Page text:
A hotelier’s note – On Privacy

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A couple of years ago, a tv program that claimed itself to be a reality show carelessly, and unknowingly to many, made a “fatal” mistake. Every episode of the show that was hosted by two celebrities told about a guest’s search for a missing family member. On this particular episode, as it went by, the missing person – the guest’s husband – was detected staying in a famous 3-star hotel chain. The hosts and the guest rushed to the hotel to investigate and were met by the receptionist. Asked about the man’s whereabouts, the silly receptionist said:

Mam, your husband is staying with us, but he’s out at the moment.

Whether the poor woman finally found the culprit or not is not the concern here, but if you travel a lot and stay in a hotel during your trip, or if you are a hotelier like me, your common sense would have suddenly detected something weird in the receptionist’s remark. Hotel staffs are not supposed to release information about their guests under most circumstances. I hope I could tag reality show producers and get them to be more responsible (and resourceful!) so that they don’t send wrong messages to wide audience.

Then again, today, I happened to read my timeline on Twitter where I found the Twitter admin of a big 5 star hotel in Jakarta tweeted names of their VIP guests with warm, cheerful welcoming statements. By doing so, I know that this hotel PR was trying to make a positive image of the hotel – because they are capable of hosting these hot shots – but, at the expense of the guests’ privacy? How could a PR (at an international hotel brand) have lost it? I hope nobody sues anyone after that.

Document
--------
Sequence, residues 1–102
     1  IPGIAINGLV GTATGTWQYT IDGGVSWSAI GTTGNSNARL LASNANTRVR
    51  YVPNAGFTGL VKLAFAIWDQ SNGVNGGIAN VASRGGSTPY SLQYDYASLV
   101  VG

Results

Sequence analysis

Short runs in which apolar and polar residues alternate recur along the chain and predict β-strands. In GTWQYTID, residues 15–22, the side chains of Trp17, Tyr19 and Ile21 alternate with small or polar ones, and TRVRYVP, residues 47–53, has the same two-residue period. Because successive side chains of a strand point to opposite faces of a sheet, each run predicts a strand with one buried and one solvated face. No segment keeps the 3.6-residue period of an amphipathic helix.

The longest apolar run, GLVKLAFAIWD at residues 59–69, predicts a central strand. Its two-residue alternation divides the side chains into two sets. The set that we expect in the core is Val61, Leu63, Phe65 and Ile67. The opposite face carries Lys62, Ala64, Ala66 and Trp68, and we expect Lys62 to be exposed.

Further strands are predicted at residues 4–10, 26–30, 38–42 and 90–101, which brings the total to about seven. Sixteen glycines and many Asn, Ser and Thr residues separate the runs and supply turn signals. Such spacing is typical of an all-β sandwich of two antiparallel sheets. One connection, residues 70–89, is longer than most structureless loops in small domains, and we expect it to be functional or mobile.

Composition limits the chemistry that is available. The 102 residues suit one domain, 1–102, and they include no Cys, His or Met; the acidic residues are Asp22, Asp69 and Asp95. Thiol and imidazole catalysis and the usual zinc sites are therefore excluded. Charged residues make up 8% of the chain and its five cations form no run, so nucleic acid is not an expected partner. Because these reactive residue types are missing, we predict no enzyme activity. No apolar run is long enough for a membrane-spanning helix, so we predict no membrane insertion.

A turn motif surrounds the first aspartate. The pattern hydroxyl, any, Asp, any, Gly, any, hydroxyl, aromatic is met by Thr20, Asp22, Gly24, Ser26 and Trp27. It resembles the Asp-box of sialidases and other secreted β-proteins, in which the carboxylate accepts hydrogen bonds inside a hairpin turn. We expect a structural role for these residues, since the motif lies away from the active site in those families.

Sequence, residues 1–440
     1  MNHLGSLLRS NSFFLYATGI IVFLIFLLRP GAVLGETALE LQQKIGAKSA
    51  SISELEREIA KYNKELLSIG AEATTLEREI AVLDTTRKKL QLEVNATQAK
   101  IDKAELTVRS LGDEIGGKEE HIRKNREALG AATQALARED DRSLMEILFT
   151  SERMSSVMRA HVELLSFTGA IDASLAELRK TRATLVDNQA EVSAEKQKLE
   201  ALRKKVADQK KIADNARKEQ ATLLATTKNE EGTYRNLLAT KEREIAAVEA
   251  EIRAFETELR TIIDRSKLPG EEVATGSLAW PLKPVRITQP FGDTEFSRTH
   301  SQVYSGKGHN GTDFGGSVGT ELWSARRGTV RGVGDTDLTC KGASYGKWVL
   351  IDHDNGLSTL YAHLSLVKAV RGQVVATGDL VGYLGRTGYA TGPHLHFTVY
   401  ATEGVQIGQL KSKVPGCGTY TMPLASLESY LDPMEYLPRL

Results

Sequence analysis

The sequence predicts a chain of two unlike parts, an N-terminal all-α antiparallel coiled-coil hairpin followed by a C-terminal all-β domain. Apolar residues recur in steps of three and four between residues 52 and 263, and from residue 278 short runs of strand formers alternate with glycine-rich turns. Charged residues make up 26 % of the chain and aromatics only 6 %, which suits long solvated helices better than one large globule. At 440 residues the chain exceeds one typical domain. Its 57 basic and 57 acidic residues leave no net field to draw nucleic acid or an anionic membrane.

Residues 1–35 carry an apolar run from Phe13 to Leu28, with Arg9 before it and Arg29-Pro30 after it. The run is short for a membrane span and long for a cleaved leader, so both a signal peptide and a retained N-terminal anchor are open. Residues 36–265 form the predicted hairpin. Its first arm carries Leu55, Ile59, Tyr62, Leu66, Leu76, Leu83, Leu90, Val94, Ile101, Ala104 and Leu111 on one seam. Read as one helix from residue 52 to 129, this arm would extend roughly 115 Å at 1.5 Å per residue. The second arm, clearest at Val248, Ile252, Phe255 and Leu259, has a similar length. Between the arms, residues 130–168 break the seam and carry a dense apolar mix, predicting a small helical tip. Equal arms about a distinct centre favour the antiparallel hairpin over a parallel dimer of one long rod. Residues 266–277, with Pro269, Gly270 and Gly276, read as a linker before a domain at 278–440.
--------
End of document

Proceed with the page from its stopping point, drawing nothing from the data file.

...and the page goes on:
Some hotels make guest privacy notion very clear in writing. Β They even make new employees sign an agreement that under no circumstances can they release information about their guests to a third party, even when this third party claims to be a guest’s mother. Jeopardy of privacy can result in expulsion. Some other hotels are not very strict in putting their regulations in words, and they must have been lucky so far if they have not been put in trouble because of this absence. However, privacy policy is some kind of basic agreed rule among hoteliers. At the absence of a supervisor, use your common sense when you have to make a quick decision. I personally think that it doesn’t take much to decide not to release any information about my guests to anyone, especially in social media. Because the consequence is too frightening to face, should things go wrong.

I’m lucky that I formerly worked in the front office where quick decisions had to be made in daily basis in relation to the issue of privacy. Someone claiming to be a journalist asking if so-and-so stayed in our resort. A man calling saying that his wife stayed with us and wanting to give her a birthday surprise and therefore wishing me to let him know her room number. A friend curiously asking if it was true a famous porn star was in house. These were only a few examples.

Working in the operational side also allows you to see things from the perspective of a guest. An ambassador checked in on one day with his lovely wife, and with his lady friend on another day. A world-famous illusionist who wished to have a short break from controversy. Or simply anyone who wanted secrecy for reasons we may not need to know. Isn’t that something we sometimes need, too? There’s less and less space for privacy nowadays, thanks to new gadgets and social media. How do you feel when you pay a hotel dearly in order to “disappear” only to find that they betray your trust?

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